Well, I survived the first RIGS webinar, and if that isn't Luddite success, I don't know what is. The reviews are starting to come in, and while everyone seems pleased with the concept, the execution is where we fell a bit short.
But let me start with the dry run last week. I got to the American-French Genealogical Society Library http://www.afgs.org/ and was able to set up all the equipment that I had brought with me: laptop, projector, cell phone, webcam and clicker thingy (to advance the slides). I remembered all of my extension cords, chargers and various cables of all sorts, and I turned on my wireless hotspot for my phone. I had just had it upgraded for more data that morning, and the guy at the Verizon store (yes, I love their cell coverage) had connected my laptop to my computer, and had the network connection key entered and of course, it worked before I left the store. Now the question became, could I pull it off by myself?
And the answer was... No.
Test number 1
I got all the equipment set up, and couldn't get my phone to connect to the laptop. Turns out, you have to shut off the WiFi to get the Mobile HotSpot to work. My girlfriend, who was my "attendeee" from her office, was on her way to save me in Woonsocket (thanks Sarah, you're the best!).
Test number 2
We ended up using one of the library's computers to check the slides, camera and sound. Then I realized that there was no way to use only one computer to do the webinar as well as project for the live audience in the room. The laptop running the webinar would project the live chat to the room and that wasn't cool. So, two computers were going to be a necessity, one to run the webinar, and one to run the projector.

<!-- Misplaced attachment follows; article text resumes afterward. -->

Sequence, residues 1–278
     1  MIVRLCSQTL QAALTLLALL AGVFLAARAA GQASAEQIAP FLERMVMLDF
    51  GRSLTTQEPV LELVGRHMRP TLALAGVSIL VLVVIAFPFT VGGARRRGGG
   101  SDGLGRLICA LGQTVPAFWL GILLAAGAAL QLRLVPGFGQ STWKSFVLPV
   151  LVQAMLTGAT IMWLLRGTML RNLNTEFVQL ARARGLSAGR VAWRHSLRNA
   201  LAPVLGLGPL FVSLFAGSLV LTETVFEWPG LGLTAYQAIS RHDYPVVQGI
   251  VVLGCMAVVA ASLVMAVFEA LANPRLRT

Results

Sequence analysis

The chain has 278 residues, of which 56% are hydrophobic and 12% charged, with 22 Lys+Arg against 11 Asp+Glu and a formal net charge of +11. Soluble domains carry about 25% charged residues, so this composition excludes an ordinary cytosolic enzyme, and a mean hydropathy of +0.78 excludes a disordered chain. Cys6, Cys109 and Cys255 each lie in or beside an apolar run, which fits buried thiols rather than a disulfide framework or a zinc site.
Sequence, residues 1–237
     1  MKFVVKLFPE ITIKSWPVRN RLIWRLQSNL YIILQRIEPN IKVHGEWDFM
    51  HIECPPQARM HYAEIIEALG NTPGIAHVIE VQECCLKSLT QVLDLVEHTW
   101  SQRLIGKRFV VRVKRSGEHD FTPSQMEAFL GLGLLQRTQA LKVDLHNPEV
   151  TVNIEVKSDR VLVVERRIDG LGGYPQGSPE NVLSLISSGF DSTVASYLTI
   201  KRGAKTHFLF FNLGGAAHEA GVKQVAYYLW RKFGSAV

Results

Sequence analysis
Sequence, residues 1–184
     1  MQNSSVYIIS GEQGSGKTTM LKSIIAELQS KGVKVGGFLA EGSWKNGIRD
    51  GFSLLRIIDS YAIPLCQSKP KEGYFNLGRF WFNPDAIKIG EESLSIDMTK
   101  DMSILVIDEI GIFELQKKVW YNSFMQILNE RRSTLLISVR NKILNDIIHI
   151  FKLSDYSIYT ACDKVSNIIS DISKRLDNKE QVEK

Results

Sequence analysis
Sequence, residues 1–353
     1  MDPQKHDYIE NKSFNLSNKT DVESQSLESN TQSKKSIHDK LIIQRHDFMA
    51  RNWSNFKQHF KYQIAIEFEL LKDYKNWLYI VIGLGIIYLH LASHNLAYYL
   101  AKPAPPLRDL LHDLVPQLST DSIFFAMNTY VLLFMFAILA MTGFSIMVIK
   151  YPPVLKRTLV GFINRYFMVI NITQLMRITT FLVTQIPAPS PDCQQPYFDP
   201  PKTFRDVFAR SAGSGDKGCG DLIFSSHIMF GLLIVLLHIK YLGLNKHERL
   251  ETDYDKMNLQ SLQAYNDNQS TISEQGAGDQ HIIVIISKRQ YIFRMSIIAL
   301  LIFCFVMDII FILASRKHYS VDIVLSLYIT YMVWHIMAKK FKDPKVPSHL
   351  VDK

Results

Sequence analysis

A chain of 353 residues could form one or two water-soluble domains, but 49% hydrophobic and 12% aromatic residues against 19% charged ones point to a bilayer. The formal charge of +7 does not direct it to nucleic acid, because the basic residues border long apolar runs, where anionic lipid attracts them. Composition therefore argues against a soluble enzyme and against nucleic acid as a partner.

Can you see where this is going?
Test number 3
It wasn't too bad! I set up at home with the 2 laptops and connected to the internet via my phone. My "attendee" was waiting and then came the next surprise. The sound isn't very good unless you use a headset microphone. I'm a wanderer. When I'm lecturing, I tend to walk around, wave my arms and generally not stand in one place. Unfortunately, the webcam, which had the microphone on it, wasn't moving with me, so the sound kept fading in and out.
Test number 4
Off to pick up a Voice over Internet headset. Who knew there were so many choices? Anyway, I chose one that seemed to suit my needs and prayed this thing was really going to fly! The next test went much more smoothly. There was a substantial time delay between when I changed the powerpoint slides and when the viewers saw the slides change, but I attribute that to the wireless internet connection. There may be other reasons, but I haven't quite figured it out yet.
So Saturday rolls around, we have more than 50 people registered for the webinar and about 50 people in the room. I wasn't sure how a room microphone might interfere with the web mic, so I really needed to project my voice, as I decided not to use a room mic. Fortunately, it wasn't a deep room, and I've done lecture halls for 200 without a mic.
A friend agreed to run the laptop with the live chat, and the webinar slides so that I was able to focus on the room slide show presentation. The web folks were hearing me well with the headset microphone, so I think it was OK. Twenty nine people ended up tuning in, and the presentation went well. Most of the comments have been positive, but I know that the people tuning in didn't have the slides keeping up with the voice. I recorded it, so I can check it out later, and maybe folks can see it if they've missed it.
Overall, not bad for a first try! And now that this Luddite has learned something new, you can bet webinars are going to become a standard in my technology repertoire.